It seems odd to be writing this a few days before Christmas, with the Gypsy Pistoleros in the race for Christmas Number One. Someone came up to me at work the other day and said “here, you’ll like these, they’ve got a cover of “Livin’ La Vida Loca” out.
I explained to them, with as much patience as I could muster that they’ve been knocking about for not a million miles off two decades, and they were – as their best of record helpfully pointed out – “The Greatest Flamenco Sleaze Glam band ever!”
It struck me, as I re-listened to “The Mescalito Vampires” last night (after I realised I hadn’t reviewed the thing at the time) that there might be people who think this is some sort of gimmick. When nothing, in actuality, could be further from the truth.
Gypsy Lee Pistolero (I feel cheated that all his emails to me over the years been signed as “Lee” but whatever) and the band of renegades (its changed again with this release too) have long been different. Of course they are. Not many other bands mix flamenco and sleaze, after all, but I remember seeing them open for bands back in the day and they were just the same then. Its in the blood of the good Gypsy, that’s for sure.
However, we should make one thing totally clear here. The songs that Gypsy Pistoleros make are brilliant. If you aren’t singing the chorus for “Lost In A Town Called Nowhere” by the second go around, then check your pulse. That Kris Jones is tooting a Latin Trumpet line is almost incidental. Except it isn’t, because that is as integral as the guitar of Mark Westwood to the mix. Which is what I mean about it not being a gimmick. It’s almost inked into them.
So yes, there’s a flamenco guitar to “Viva La Revolution, Viva Zapata” and it sounds like it is the soundtrack to some film in an Indie Cinema set on the Mexican border, but its also a slice of rock n roll that is as original as it is fresh.
Arguably the best window into the twisted world is “Mescalito Vampires (Welcome To The Hotel De La Muerta)” part “Hotel California” (with a bit of GnR) but wholly Gypsy Pistoleros. However, best of all its work is “Soho Daze, Just Another Friday Night”, in fact, lets just get this said. If you love Dog’s D’Amour then get on this before the others, because this is the best thing Tyla never wrote.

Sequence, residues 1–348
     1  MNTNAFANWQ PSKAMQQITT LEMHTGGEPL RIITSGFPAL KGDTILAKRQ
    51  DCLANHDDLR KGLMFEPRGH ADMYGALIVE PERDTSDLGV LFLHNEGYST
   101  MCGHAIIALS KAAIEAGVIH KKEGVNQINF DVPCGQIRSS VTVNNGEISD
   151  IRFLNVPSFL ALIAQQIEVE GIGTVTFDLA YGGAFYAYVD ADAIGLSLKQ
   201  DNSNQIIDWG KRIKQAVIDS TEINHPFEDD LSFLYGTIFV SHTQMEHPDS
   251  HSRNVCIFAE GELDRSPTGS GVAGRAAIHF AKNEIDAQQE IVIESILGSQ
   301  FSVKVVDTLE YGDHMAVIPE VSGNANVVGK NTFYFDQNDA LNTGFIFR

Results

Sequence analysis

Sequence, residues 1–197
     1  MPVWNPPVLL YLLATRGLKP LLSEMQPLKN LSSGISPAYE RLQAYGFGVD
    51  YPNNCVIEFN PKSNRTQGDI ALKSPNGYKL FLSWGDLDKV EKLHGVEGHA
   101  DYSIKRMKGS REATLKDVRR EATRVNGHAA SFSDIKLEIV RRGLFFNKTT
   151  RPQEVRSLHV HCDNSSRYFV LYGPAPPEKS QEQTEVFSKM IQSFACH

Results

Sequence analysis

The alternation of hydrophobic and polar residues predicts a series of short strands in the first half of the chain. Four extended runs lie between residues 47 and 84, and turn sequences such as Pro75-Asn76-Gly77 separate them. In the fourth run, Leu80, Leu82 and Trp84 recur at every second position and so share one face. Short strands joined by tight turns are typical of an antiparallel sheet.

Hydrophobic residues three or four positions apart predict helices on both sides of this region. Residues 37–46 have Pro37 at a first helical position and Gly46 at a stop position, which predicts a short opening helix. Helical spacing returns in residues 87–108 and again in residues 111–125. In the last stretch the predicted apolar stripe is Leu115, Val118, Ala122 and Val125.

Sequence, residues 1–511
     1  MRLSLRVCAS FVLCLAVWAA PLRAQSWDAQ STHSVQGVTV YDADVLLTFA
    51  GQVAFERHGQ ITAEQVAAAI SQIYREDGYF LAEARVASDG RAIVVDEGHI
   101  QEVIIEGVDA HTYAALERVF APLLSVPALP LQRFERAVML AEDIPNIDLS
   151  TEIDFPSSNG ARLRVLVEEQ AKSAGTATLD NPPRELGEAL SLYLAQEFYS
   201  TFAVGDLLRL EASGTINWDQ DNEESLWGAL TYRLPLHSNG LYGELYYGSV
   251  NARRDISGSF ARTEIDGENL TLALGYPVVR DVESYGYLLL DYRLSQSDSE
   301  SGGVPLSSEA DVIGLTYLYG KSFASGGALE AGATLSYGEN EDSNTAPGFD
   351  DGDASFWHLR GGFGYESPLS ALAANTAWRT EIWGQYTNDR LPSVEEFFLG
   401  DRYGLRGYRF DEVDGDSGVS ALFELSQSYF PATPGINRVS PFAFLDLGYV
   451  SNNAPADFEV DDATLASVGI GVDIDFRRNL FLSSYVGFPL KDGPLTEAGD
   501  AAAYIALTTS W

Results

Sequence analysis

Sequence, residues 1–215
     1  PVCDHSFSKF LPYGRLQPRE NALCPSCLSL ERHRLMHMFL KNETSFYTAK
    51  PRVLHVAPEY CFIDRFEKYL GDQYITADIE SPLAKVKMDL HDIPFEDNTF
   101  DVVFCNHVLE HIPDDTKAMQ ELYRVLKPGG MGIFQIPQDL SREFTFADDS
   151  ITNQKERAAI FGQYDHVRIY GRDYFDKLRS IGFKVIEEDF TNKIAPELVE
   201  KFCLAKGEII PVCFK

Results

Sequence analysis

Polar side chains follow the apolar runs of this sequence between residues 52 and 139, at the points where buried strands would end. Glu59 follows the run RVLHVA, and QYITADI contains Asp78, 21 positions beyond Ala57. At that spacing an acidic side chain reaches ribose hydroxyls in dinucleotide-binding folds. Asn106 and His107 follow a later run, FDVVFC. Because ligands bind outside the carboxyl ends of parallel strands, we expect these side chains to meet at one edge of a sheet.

All of these sound like they should be mini-novels, “Roses, Gallows And The Wild Preachers Daughter” is no exception, and it lives up to its epic title, while “The Foresaken” is another built around some brilliant acoustic guitar. It is surprising actually, how many of these lurk with a menace, before a laser guided attack – if Urban Voodoo Machine were an army anyway.
“My Name’s Django” is another does the death row ballad thing as well as anyone does, while “Cisco Kid” is built around a bass line from Gaz Le Bass and as the line “another day, another gunfight” is delivered, you can’t help but idly wonder how many of these GLP has.
“Wild Is The Wind” (and I’ll be honest, I was hoping for a Bon Jovi cover) would be the envy of many an Americana band – and if ever you wanted to discuss the skill of this band, then its right here, as it is on the light, airy harmonies of “Alone Again Or”. One tinged with real tenderness and regret.
As if to underline everything I’ve said about the band, the glorious “Sangre On The Roses” pops up before the end. A short story of its own, it is probably the best thing this record has to offer – and you might not expect eight and a half minute tracks, but don’t ever think you’ve got this band pegged.
In many ways, “Gonna Die With A Gun In My Hand” seems like the one that plays while the credits are rolling, you can imagine it as a kind of High Noon remake, with the boys riding into the sunset after the gunfight in the street.
We all know, though, that no one can take them down, you’ll never outwit them, and Gypsy Pistoleros are merely hiding in the Mescalito until next time.